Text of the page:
The Crucial P1 1TB NVMe SSD was the number one selling drive during Amazon’s Prime Day sale this year as you could pick up the 1TB model for $79.99 shipped. The drive is now back up to $95.99 shipped, but we have a feeling that you’ll be able to find this drive at lower prices for Black Friday 2019. That is the time of year that gamers and enthusiasts usually look for rock bottom pricing to snag a good deal on an SSD. Black Friday has historically been a good time to lock in big savings and we think gamers are going to be looking for more storage space that will enable them to hold hot new game titles like Call of Duty: Modern Warfare and Red Dead Redemption 2.
At under $0.10 per GB the Crucial P1 1TB is an inexpensive entry-level M.2 NVMe drive capable of reaching sequential read/write speeds up to 2,000/1,700 MB/s. Those speeds blow a traditional hard drive away and will allow you to load games, open applications and boot your system faster than ever before. The smaller P1 500GB drive has peak sequential read/write speeds of up to 1,900/950 MB/s, which makes it a bit slower than its 1TB bretheren. The Random 4K read/write speeds are rated at up to 170,000/240,000 IOPS on the 1TB drive and 90,000/220,000 IOPS on the smaller 500GB model.
Crucial backs the P1 series with a solid 5-year warranty and an endurance rating of 100 Total Bytes Written (TBW) on the 500GB model and 200 TBW on the 1TB model. Over a course of five years that means you can be able to write about 54GB of data per day to the 500 GB drive and 109GB of data per day to the 1TB drive and still be covered under warranty. The life expectancy (MTTF) is set at 1.5 million hours. The Crucial P1 series does use Quad-Level Cell (QLC) NAND Flash memory, which was first introduced in 2018 with the promise of driving down SSD prices. Seeing how we are seeing 1TB drives available for under $80 shipped to your door here in 2019 it seems like QLC NAND Flash has fulfilled this promise. Sure, the write performance is lower than many TLC NAND Flash based products, but it seems to be good enough. Gamers usually store games for months or years, so the slower write speeds shouldn’t be bothersome. Besides most gamers in America have a 200 Mbps or 400 Mbps broadband internet connection, so they are only able to download games at these speeds. That converts over to about 25-50 MB/s write speeds to the SSD, a speed the Crucial P1’s dynamic write acceleration (SLC cache) can easily handle. The dynamic cache solution on the P1 series means an empty drive could be using over 100GB of SLC cache, but as the drive fills up with data the amount of SLC cache decreases. Once the cache if filled up by a long sustained write operation you’ll notice slower performance than the drives specifications as this model is speed rated with available SLC cache.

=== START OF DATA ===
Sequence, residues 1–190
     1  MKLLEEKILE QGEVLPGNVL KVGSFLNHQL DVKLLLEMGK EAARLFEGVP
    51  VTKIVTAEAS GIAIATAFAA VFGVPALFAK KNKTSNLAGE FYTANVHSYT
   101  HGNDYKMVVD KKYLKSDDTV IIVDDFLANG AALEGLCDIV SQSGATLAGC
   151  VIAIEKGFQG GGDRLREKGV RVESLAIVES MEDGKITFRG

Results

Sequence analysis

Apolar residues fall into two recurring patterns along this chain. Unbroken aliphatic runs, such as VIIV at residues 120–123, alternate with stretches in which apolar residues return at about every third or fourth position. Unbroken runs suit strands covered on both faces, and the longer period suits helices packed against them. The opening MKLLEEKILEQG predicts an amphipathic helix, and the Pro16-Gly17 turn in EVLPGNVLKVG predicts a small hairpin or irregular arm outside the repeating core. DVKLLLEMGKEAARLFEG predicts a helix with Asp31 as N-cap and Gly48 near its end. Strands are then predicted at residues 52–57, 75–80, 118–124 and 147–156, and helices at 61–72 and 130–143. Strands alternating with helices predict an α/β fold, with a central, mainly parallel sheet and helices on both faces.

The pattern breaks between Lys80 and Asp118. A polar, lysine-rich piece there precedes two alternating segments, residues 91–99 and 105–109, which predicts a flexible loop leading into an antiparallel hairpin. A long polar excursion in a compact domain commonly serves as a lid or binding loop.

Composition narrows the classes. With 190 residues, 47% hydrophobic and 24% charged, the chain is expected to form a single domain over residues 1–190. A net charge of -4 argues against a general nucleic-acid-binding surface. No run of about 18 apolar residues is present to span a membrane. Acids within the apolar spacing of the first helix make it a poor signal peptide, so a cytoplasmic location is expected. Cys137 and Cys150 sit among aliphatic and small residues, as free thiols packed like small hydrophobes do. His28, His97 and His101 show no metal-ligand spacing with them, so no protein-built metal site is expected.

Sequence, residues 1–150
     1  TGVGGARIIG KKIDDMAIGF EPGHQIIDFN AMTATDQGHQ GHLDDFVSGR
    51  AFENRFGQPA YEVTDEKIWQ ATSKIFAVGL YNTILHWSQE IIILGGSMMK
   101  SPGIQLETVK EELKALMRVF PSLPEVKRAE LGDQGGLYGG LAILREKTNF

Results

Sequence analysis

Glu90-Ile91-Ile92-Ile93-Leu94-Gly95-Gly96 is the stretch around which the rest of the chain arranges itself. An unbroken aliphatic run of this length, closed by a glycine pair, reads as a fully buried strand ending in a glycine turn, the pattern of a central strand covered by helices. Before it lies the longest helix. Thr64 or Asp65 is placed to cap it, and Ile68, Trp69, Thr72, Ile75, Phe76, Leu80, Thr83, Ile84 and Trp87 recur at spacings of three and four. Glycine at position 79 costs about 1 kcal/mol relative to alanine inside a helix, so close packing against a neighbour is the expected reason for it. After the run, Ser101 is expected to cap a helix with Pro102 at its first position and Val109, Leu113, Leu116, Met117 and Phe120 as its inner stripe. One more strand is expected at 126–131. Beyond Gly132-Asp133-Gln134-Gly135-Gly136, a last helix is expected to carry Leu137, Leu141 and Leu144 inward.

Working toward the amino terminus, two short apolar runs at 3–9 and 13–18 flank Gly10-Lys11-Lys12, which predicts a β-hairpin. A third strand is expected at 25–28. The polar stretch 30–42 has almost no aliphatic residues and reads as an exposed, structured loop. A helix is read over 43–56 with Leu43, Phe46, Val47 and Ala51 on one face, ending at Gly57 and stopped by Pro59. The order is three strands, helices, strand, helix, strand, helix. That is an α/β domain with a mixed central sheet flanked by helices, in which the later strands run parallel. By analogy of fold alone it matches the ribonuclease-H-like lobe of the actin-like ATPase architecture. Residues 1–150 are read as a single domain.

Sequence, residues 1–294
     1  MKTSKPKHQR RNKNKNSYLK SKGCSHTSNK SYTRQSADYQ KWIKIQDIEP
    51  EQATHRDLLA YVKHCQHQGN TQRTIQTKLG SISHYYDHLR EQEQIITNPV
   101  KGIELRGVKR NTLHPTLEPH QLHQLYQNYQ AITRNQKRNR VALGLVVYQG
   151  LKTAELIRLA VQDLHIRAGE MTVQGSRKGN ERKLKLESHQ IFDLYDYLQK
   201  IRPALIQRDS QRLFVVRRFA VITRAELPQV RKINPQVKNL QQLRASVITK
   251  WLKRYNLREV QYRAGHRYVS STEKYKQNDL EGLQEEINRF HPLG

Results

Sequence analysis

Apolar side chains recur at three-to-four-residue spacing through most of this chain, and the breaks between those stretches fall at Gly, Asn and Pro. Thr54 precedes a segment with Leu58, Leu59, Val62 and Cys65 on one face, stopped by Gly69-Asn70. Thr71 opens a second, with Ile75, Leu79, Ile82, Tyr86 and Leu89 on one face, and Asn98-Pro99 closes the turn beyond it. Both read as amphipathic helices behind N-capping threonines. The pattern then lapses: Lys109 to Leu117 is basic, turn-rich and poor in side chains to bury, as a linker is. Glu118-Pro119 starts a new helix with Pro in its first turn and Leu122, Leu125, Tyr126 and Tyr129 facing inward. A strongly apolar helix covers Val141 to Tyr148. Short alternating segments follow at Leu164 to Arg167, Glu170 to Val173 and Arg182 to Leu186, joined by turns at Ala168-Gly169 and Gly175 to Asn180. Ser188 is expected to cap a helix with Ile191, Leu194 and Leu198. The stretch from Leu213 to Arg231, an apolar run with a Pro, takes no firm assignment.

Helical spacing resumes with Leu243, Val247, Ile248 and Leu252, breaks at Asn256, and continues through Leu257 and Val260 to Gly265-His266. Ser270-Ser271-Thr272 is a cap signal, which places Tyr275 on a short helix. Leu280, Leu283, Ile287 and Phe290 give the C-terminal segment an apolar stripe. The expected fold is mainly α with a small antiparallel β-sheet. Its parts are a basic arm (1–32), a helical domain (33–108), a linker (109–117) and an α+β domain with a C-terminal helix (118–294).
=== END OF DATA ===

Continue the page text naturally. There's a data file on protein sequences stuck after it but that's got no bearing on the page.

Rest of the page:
The drive that we are reviewing today is the Crucial P1 1TB model that is sold under part number CT1000P1SSD8. The Crucial P1 NVMe SSD uses the standard 2280 (80mm) ‘gum stick’ form factor with a single-sided design on both the 500GB and 1TB models. Crucial went with a black PCB for their entry-level drive, so it looks similar to all the other M.2 NVMe SSDs on the market today. Inside the box you’ll find the drive, but it is also worth highlighting the fact that with this drive you can download free Acronis True Image software from Crucial website which helps you to clone the data.
When it comes to the components used on the Crucial P1, Micron went with the Silicon Motion (SMI) SM2263ENG 4-channel NVMe controller, Micron 64-layer QLC NAND Flash chips, and Micron DDR3 DRAM for cache. All of the components are on the top of the SSD with no components residing on the back. It should also be noted that the Crucial P1 series has similar power loss functionality compared to the Crucial MX series of drives.
You also can download Crucial’s Storage Executive utility for free well from company’s site. Storage Executive provides easy access to system information, drive health data, firmware updates and other drive maintenance options. When we installed and used Storage Executive on the Crucial P1 1TB review sample it alerted us to the fact that there was a new firmware revision available, so we updated our drive from firmware P3CR010 to P3CR013 before benchmarking the drive. The firmware update process was done on the drive on the Windows 10 desktop without issue and did not destroy any data on the P1.
Let’s take a quick look at the SSD test system and then move along and see how this 1TB drive performs against 10 other SSDs that are all 1TB or greater in capacity.